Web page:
An Alternative to California Proposal to Tax E-Commerce
Painful awards shows aren’t the only odious things stirring in California these days. State lawmakers want to collect sales taxes on Californians’ purchases from out-of-state e-commerce retailers. There is a better policy solution than California’s scheme: an origin-based approach whereby taxation is determined by the location of the seller rather than the buyer. If you’re going to get taxed, it’s only fair that you get to vote for — or against — the politicians taxing you.
The 1992 Supreme Court decision Quill v. North Dakota, which currently governs how online sales are taxed, prevents states from collecting sales tax from retailers with no physical presence in their state. For instance, if an Oklahoma resident buys something from a retailer in Texas, Oklahoma cannot collect sales tax on the purchase unless the seller has a warehouse, store or office in the state. (Technically, the buyer is required to pay a “use tax,” but this is difficult to enforce and thus widely ignored.)
California’s proposed legislation attempts to capture this revenue by expanding the definition of “presence” to include the affiliate programs, or commission-based smaller retailers driving customers to larger retailers’ sites. For example, if you visit the fictional Los Angeles-based “newbooksreviewed.com,” click on a link to Amazon and buy a book there, Amazon pays a sales commission to “newbooksreviewed.com.”
Under the proposed legislation, Amazon would remit sales tax to California on that transaction, despite the fact that perhaps neither the buyer nor Amazon has a presence in the state.
This policy will have severe unintended consequences. Amazon says if this measure becomes law, it will end its relationship with more than 10,000 California affiliates. That would reduce the legislation’s projected revenues by 50 percent and even more if other online retailers follow suit. Overstock.com has already severed ties with affiliates in New York, Rhode Island and North Carolina, in response to similar legislation.
So why not stick with the Quill status quo?
Traditional brick-and-mortar retailers claim that it puts them at a disadvantage versus online retailers whose transactions are often tax-free. Tax jurisdictions, including California, dislike Quill because as more commerce moves to the Internet, they lose more tax revenue.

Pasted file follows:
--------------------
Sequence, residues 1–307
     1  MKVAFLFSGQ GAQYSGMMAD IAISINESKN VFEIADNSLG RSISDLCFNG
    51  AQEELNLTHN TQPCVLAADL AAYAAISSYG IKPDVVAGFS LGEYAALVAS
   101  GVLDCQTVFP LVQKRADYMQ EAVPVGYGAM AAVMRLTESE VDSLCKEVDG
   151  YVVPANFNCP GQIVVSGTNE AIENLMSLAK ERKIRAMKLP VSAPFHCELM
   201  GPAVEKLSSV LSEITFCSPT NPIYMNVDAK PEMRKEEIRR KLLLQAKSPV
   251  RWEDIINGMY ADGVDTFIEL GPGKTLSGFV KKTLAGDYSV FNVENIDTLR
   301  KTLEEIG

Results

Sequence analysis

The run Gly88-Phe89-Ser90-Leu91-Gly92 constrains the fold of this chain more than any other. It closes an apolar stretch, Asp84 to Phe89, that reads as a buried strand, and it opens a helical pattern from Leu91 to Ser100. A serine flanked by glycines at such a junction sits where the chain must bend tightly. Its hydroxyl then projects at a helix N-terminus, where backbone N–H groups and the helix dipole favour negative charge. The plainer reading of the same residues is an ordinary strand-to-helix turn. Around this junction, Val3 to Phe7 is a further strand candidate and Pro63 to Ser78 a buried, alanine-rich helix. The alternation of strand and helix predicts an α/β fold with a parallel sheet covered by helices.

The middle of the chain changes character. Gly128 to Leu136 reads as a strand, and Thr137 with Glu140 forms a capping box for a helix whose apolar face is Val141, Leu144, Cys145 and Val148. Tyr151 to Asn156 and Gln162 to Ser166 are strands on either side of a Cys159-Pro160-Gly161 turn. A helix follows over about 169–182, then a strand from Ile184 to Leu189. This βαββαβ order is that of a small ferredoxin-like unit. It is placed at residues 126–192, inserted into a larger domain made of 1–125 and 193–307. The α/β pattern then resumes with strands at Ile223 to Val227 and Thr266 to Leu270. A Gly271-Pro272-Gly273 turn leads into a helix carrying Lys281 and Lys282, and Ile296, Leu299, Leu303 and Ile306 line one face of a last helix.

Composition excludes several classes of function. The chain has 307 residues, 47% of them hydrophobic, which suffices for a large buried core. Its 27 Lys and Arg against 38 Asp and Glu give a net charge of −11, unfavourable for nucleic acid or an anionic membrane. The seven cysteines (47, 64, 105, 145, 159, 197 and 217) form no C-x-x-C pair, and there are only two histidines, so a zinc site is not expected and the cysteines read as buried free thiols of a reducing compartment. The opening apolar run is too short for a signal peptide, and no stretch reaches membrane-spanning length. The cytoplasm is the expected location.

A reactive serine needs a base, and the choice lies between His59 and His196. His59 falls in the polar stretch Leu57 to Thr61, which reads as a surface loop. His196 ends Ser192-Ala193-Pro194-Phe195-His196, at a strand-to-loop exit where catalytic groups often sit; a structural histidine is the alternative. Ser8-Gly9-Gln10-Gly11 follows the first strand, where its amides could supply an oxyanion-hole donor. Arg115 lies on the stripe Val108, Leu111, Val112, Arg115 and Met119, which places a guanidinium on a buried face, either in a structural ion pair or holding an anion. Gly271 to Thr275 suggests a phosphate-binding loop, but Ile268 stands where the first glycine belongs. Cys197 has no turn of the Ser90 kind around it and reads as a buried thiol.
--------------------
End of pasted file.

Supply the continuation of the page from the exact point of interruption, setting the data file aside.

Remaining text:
As controversial as Quill is, it keeps politicians from overreaching and imposing taxes on those to whom they have no accountability. California’s plan would do away with this safeguard, subjecting out-of-state businesses to California’s tax regime. If every tax jurisdiction followed suit, companies with affiliate programs would be forced to remit sales taxes in a nationwide maze of more than 7,500 different jurisdictions — each with different rates and exemptions — creating a costly accounting nightmare and a burden on interstate commerce.
An origin-based tax regime, based on the vendor’s principal place of business instead of the buyer’s location, will address the problems of the current system and avoid the drawbacks of California’s plan. This keeps politicians accountable to those they tax. Low-tax states will likely enjoy job creation as businesses locate there. An origin-based regime will free all retailers from the accounting burden of reporting to multiple jurisdictions. Buyers will vote with their wallets, “choosing” the tax rate when making decisions about where to shop online and will benefit from downward pressure on sales taxes. Finally, brick-and-mortar retailers would have the “even playing field” they seek.
Congress should exercise its authority over interstate commerce and produce legislation to fundamentally reform sales taxes to an origin-based regime. In the meantime, California legislators should resist the temptation to tax those beyond their borders. Might we suggest an awards show tax?